Score is another of those very common words that have a surprising number of different uses. The most obvious use is as a verb in sport: you can score a goal or a point, for example. Of course it can also be a noun in terms of sport, such as in What’s the score? Less frequently though, we also encounter score to refer to the music from a film or television programme, and as verb meaning to cut or scratch a line on a surface. And a score can mean twenty. Despite all these different meanings though, each use of the word actually shares the same origin.
We can go right back to the Proto-Indo-European root sker- (to cut), which led to the Old Norse skor (mark, notch, or incision), and the Icelandic skor and the Old English scoru, both meaning twenty. Here we can easily see how it came to mean to cut or scratch a line, but what about twenty? This may have come from the practice of counting large numbers (e.g. livestock) with a stick scored with twenty notches.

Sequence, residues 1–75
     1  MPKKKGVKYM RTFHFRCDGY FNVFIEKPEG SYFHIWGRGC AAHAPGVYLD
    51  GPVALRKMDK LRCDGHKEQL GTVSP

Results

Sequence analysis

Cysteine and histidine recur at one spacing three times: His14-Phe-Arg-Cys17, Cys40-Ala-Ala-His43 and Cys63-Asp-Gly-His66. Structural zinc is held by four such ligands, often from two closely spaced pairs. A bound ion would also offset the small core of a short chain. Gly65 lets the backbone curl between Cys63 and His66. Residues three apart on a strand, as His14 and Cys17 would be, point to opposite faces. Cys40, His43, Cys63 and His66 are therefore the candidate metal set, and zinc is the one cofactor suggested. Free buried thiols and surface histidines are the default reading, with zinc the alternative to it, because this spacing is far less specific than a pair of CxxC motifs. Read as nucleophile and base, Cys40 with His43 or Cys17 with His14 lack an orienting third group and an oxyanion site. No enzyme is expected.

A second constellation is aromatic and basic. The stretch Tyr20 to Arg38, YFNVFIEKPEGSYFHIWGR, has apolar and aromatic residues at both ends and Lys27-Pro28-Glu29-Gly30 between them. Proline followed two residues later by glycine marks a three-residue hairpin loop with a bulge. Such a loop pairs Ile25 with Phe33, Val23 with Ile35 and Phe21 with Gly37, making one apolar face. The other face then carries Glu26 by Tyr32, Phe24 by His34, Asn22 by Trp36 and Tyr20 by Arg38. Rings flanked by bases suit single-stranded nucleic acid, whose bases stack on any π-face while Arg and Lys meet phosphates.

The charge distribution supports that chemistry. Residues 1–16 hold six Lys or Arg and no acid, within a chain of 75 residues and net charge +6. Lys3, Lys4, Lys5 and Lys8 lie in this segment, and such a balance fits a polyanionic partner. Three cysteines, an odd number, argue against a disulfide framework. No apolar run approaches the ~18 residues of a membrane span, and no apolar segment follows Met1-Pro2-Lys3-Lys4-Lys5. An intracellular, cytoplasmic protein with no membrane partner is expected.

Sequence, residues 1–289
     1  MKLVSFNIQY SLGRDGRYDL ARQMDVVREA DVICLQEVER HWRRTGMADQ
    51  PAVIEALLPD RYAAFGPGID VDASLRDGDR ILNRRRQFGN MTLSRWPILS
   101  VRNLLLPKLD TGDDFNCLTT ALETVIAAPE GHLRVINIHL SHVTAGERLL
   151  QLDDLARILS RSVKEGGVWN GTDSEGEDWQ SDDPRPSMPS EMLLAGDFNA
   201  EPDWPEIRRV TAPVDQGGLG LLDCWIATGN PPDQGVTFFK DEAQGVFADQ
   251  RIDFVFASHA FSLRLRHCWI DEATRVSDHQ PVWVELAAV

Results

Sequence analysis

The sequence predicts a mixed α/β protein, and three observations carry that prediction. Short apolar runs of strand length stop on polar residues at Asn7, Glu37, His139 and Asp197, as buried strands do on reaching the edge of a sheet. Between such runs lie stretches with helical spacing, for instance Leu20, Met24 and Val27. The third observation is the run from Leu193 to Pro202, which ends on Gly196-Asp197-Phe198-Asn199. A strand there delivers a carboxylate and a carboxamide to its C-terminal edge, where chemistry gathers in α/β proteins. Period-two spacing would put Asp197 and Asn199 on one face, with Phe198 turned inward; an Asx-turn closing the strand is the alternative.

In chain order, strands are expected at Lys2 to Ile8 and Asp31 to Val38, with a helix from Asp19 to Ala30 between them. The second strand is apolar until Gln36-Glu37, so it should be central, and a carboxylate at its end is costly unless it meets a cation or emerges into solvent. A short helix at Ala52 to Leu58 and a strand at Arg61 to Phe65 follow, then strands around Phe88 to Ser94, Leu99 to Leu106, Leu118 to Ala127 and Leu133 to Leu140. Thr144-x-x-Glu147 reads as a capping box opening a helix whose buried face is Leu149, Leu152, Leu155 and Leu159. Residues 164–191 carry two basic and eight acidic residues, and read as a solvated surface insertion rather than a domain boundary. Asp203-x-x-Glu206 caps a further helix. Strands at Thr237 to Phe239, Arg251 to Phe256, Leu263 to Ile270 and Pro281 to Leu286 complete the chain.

Jumping forward to the early 15th century, we find to score being used to refer to the act of making a mark with chalk on a wall in a tavern to record how many drinks a customer had had. This gradually evolved to also refer to marking the points in a game. The phrase to settle a score, by the way, comes from the use of to score to refer to drink bills, and meant to settle your bill and not, as you might imagine, to level the score in sports. This is also why we refer to a bar tab as a slate, as your drinks might be tallied on a piece of slate, and not on the wall.
In terms of film music, the word apparently originally referred to the practice of connecting different staves with scores of lines.